Popular posts from Glen Feechan's Not Just Numbers blog - The blog for those who know it's not just about the numbers. Typical content included is primarily Excel tips and other comment relevant to those responsible for finance in their business. Glen develops spreadsheets for clients all over the world via needaspreadsheet.com and helps accountancy practices to make better use of Excel through his Excellent Accountancy business.
Do you deny how much your team uses Excel?
From the Not Just Numbers blog:
“A prudent question is one-half of wisdom.” Francis Bacon
In too many years of experience helping organisations to make better use of Excel, one truth has become evident:
The higher you move up an organisation, the less they think the organisation uses Excel.
I am currently talking to many accountancy practices and this seems even more true in that industry.
Causes of Excel Blindness
There are a number of reasons why this should be true but it can be incredibly damaging for reasons I will go into later in this post.
I believe that the main causes are as follows:
- The day-to-day experience of those involved - The higher you go in any organisation, the more your role involves relationships and meetings, rather than hands on number-crunching. Naturally those producing the numbers and analysing them use Excel far more than those discussing them;
- Belief in computer systems - Having invested in accounting and/or ERP packages (or in the case of accountancy practices, accounts preparation software), and been sold the omnipotent nature of these packages by the software companies, it can be difficult to believe (or face) that there are still large amounts of work done on spreadsheets.
- Over-simplification of what processes involve - A manager, for example, may understand that a member of the team is emailed a particular piece of information from a customer,a supplier, another branch or another department, and that they enter this into the system. The member of the team involved will know that they receive this information as an Excel file and they apply numerous sorts and filters, delete columns and rows, calculate totals, etc. before they enter it (or even import it) into the system. All of this work is done in Excel – and the manager is completely unaware.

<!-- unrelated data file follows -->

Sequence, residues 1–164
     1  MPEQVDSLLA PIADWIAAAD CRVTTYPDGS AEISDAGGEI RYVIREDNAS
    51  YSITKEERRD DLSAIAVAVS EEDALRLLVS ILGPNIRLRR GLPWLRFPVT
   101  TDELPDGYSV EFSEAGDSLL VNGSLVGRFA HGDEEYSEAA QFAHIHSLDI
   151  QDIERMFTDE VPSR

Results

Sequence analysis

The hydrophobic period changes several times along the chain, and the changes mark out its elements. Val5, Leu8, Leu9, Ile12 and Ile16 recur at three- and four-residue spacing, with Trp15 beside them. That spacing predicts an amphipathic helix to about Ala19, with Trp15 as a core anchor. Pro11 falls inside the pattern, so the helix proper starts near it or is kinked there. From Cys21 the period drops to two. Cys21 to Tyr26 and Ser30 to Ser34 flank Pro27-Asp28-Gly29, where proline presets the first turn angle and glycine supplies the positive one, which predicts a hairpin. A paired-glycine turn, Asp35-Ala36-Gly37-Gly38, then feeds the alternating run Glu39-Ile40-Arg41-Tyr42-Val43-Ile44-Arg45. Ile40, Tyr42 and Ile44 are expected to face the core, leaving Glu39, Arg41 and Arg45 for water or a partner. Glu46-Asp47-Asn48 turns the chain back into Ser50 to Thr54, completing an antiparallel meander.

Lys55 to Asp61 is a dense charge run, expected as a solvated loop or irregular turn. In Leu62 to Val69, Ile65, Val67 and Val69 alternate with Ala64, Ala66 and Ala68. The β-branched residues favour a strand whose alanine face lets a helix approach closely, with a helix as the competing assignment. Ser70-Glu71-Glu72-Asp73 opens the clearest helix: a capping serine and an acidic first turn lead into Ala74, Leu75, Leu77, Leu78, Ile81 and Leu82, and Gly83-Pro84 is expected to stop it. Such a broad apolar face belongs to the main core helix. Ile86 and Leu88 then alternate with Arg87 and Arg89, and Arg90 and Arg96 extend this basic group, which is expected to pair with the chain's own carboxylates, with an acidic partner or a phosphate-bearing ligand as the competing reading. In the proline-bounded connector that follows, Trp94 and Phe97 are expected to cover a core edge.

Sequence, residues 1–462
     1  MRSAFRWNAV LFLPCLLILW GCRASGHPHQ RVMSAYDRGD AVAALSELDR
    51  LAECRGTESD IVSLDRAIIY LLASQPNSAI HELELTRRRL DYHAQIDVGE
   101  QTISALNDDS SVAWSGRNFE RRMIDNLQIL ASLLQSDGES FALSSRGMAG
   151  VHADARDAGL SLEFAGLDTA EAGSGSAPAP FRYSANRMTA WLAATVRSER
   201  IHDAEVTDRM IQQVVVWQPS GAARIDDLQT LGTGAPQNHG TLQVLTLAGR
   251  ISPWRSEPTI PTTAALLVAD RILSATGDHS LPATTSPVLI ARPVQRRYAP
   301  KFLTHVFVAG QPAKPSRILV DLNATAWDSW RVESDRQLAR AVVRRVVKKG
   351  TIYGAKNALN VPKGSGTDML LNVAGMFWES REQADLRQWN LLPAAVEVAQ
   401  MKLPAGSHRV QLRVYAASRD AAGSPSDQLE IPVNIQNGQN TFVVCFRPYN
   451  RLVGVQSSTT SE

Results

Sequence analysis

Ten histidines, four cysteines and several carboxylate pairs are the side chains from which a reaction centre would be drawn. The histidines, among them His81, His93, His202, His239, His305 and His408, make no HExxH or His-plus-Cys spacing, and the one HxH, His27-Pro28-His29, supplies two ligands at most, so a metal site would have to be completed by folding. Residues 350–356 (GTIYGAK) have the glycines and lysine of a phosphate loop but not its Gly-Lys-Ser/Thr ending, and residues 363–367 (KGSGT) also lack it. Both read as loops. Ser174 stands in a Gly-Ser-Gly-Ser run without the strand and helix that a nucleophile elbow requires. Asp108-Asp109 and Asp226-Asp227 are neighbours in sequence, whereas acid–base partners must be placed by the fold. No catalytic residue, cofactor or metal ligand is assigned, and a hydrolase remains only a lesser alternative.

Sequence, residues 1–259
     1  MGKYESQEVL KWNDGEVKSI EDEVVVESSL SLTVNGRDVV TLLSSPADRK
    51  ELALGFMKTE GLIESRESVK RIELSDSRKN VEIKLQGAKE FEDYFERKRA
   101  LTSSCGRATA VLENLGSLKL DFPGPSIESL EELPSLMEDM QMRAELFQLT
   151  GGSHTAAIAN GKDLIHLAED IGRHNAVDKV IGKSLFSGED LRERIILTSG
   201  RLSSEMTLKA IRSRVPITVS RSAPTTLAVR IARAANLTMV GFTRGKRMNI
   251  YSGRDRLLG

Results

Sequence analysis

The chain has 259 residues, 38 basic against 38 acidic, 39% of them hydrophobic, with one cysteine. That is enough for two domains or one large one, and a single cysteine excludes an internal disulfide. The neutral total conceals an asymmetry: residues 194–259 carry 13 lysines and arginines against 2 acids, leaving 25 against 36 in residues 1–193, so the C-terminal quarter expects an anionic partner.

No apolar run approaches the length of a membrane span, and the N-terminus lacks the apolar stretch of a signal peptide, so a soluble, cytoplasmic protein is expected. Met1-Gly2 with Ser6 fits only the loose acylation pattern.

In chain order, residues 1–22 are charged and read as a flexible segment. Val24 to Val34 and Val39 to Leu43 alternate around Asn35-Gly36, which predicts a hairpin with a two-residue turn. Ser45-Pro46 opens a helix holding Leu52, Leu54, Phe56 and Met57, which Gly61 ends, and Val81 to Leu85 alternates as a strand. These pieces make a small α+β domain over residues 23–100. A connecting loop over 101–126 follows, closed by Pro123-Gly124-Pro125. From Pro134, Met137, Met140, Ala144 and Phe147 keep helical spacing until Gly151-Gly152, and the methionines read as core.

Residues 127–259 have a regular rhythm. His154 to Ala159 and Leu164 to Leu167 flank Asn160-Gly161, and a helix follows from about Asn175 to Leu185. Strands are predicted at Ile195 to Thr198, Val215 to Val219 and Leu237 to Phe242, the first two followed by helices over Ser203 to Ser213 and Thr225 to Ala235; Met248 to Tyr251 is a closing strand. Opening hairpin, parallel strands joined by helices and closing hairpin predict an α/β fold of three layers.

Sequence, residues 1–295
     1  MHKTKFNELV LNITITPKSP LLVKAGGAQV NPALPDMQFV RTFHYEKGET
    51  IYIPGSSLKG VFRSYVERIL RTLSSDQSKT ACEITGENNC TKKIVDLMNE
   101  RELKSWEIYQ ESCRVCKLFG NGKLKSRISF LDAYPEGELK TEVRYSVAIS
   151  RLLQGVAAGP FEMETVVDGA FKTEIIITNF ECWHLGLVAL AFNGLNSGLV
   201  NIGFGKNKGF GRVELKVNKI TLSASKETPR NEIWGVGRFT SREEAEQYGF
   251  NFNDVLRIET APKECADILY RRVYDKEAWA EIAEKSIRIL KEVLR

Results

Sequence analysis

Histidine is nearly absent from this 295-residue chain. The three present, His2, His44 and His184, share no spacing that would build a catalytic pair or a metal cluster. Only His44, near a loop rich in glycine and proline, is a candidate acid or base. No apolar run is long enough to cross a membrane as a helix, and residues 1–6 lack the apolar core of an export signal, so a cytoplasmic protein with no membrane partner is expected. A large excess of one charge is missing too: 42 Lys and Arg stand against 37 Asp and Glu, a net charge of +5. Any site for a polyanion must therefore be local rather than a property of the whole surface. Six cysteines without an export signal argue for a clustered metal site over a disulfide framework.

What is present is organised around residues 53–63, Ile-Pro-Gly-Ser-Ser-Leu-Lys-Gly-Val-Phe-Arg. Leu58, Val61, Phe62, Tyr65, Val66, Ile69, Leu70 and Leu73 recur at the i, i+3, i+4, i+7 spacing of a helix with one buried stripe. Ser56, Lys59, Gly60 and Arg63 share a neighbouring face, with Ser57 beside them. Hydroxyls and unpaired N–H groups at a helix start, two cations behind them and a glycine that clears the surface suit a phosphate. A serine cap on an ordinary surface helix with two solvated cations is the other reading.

Why does it matter?
It matters because it can be incredibly damaging to an organisation in terms of both financial risk and inefficiency:
Not understanding the systems that your business relies upon can lead to errors in systems management don’t even realise are being used. The controls in the ERP system or accounting software may be perfectly adequate, but if the information entered is coming from a spreadsheet with an inbuilt error, they won’t be of much use.
In most organisations, this is by far the greater cost. Many staff are using Excel for a great deal of their time and have very little training or understanding of how best to use it. Many hours can be cut from most employees’ working weeks, with a little bit of focus on this area.
Let is use the situation described earlier to demonstrate both the efficiency and financial risk elements:
“The member of the team involved will know that they receive this information as an Excel file and they apply numerous sorts and filters, delete columns and rows, calculate totals, etc. before they enter it (or even import it) into the system.”
This whole process could be automated in Excel so that a couple of hours of messing about, could be reduced to a couple of clicks. This not only saves those couple of hours every month, week, or even day, but ensures that the same conversion is applied to this spreadsheet each time, significantly reducing the risk of error.
What can be done?
The first step is to acknowledge how much your organisation uses Excel. No matter how sophisticated your systems are, there are many jobs around the edges of the system for which Excel is not only the best tool, it is often the only tool capable of the flexibility required. Acknowledging this can lead to some very quick improvements to efficiency.
Ensure that you have access to someone (either inside the organisation or from outside) who can look at this Excel use and suggest and/or implement improvements and train staff. I offer this type of service to UK accountancy practices via my Excellent Accountancy business, but please feel free to email me if you wish to discuss how to go about it for any other type of organisation.
Excel is not just Word for numbers, it does form parts of your key processes – whether you like it or not.
Imagine if you took the same lax approach to any other key processes in your business.
A little time and/or money invested in improving how you use Excel will go a long way, as it is such an untapped area in most businesses.